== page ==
Writer-director-producer Deon Taylor is no stranger to taking audiences on a thought-provoking journey with his films. From SUPREMACY, to MEET THE BLACKS, each film turns a spotlight on a societal issue whilst also delivering an entertaining narrative. In his latest, TRAFFIK, investigative journalist Brea (Paula Patton) is on what should be the perfect weekend getaway with her boyfriend John (Omar Epps) when she stumbles upon an underground syndicate looking to protect their secret operation.
At the film’s recent press day, I spoke with the passionate filmmaker about everything from THE VANISHING’s influence, to working with a crew led by women, to marrying his striking imagery with a Nina Simone song that’s been called “a declaration of war.”
I don’t think it’s a stretch to say this is like two movies in one: home invasion and social justice thriller.
That’s right. It’s built that way.
What sparked this idea and did it take long to meld these two stories together?
The spark was my daughter. Not in a million years did I think I would ever do a movie about [human] trafficking. As an African-American man, it’s the furthest thing from my subconscious in terms of what I deal with daily. This came to me because I got an email from my daughter’s school that kids were being trafficked at the local mall. Not kidnapped – not grabbed. I was surprised, after doing some research, not only that it was in my community, but it was happening everywhere. I’m sitting there like, ‘Why don’t I know this?! Why is this not on the news all the time?!’ It haunted me. That allowed me to write the project.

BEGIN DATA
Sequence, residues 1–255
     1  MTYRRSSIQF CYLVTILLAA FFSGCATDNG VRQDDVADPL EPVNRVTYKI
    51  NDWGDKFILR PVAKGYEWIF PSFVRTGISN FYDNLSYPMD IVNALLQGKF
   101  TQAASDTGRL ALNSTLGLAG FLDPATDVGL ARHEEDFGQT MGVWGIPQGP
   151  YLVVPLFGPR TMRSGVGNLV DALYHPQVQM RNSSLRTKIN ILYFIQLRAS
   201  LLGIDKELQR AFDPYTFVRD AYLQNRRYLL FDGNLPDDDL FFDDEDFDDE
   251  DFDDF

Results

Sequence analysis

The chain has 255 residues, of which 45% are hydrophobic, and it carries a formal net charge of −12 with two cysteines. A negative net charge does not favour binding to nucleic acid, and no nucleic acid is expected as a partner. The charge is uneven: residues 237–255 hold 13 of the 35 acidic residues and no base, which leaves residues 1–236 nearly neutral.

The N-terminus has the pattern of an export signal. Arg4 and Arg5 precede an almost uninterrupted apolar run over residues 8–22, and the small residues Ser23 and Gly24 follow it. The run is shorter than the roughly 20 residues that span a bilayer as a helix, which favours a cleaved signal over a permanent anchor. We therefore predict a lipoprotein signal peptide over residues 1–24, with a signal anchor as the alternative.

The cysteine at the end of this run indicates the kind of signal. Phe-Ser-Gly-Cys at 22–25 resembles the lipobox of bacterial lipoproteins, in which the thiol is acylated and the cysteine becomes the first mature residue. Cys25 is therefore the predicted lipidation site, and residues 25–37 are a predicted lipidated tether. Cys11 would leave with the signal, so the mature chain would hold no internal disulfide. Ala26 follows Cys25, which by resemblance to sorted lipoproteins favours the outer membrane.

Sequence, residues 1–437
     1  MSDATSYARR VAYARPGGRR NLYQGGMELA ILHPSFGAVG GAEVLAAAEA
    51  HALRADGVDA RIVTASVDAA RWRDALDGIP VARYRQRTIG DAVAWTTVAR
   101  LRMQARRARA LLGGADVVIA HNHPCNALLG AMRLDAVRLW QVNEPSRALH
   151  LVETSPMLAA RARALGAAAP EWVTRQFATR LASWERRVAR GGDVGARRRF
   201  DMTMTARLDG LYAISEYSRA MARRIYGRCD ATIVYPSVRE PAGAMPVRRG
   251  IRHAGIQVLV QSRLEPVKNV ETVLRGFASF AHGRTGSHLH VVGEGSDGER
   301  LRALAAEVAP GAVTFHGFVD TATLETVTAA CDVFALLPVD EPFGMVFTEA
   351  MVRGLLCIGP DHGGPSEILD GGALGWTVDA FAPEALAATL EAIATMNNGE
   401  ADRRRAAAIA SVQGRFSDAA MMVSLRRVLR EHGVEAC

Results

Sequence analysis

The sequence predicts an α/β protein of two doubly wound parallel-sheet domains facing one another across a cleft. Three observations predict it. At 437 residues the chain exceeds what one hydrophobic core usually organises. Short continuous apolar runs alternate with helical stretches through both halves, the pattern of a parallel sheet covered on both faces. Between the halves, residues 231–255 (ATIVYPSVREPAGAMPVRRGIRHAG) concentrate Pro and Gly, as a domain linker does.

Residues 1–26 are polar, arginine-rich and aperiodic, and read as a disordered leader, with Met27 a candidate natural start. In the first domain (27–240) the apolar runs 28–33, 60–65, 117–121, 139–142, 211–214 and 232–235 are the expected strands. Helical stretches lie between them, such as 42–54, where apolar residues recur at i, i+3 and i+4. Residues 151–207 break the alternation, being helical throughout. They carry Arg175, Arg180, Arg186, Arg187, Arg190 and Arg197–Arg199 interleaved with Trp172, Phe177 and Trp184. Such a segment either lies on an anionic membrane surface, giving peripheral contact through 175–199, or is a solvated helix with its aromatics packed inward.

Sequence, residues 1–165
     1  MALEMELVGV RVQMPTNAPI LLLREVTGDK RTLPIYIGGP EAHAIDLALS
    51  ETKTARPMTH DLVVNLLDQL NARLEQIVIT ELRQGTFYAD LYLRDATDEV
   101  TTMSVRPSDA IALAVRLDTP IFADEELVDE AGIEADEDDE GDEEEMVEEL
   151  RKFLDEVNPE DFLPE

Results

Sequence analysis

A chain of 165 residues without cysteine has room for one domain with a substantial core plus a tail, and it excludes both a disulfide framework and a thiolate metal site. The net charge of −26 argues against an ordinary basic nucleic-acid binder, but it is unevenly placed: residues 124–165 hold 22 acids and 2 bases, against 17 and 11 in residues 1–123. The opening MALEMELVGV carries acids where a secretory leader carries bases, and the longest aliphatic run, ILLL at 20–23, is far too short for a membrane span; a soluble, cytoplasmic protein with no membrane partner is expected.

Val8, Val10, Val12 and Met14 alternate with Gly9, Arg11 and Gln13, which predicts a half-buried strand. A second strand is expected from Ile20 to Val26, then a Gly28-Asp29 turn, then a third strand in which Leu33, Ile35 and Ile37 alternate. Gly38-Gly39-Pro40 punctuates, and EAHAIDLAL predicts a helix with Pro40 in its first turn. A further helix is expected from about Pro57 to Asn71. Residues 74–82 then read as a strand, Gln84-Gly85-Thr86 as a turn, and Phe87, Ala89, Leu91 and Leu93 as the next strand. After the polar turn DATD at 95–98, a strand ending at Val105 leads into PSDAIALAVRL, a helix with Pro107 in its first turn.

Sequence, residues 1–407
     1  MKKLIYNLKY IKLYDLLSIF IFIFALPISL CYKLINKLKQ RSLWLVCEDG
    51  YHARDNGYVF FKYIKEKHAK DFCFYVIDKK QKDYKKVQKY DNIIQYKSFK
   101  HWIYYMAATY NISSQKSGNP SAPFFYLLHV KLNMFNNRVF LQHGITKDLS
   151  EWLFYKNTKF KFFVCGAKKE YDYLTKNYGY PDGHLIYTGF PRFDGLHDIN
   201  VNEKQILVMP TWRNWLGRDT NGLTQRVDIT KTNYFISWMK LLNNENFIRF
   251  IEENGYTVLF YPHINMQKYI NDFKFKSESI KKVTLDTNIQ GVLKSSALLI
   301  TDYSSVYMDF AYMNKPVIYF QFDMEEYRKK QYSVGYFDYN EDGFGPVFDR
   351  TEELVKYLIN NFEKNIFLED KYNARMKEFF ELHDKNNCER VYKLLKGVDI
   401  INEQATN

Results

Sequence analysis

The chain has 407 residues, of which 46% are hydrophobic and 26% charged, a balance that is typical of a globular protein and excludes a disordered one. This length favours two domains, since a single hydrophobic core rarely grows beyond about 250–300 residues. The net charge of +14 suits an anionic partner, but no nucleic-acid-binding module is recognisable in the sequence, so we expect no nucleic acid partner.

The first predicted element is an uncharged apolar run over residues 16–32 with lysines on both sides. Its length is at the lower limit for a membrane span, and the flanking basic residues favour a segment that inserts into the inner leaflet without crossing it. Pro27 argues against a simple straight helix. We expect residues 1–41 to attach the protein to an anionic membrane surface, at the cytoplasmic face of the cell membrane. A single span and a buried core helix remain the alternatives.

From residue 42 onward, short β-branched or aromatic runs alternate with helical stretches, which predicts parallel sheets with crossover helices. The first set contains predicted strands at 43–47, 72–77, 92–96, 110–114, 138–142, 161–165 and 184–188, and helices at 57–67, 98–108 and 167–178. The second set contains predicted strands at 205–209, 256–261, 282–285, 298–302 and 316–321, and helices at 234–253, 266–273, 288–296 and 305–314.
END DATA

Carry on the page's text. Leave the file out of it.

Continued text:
As an indie filmmaker, you don’t get any opportunities to do this…I’ve never been able to do re-shoots. Never been able to have someone stroke a check for me. As we started shooting, I just remember thinking I had to ramp up the thriller. You gotta take them on a ride, because it’s going to be a hard pill to swallow when we get to that. When I show you how you’re trafficked, I gotta make it be a thrill ride for the audience to really go for it. I gotta build a story on top of a story.
And the two movies in one aspect coming together?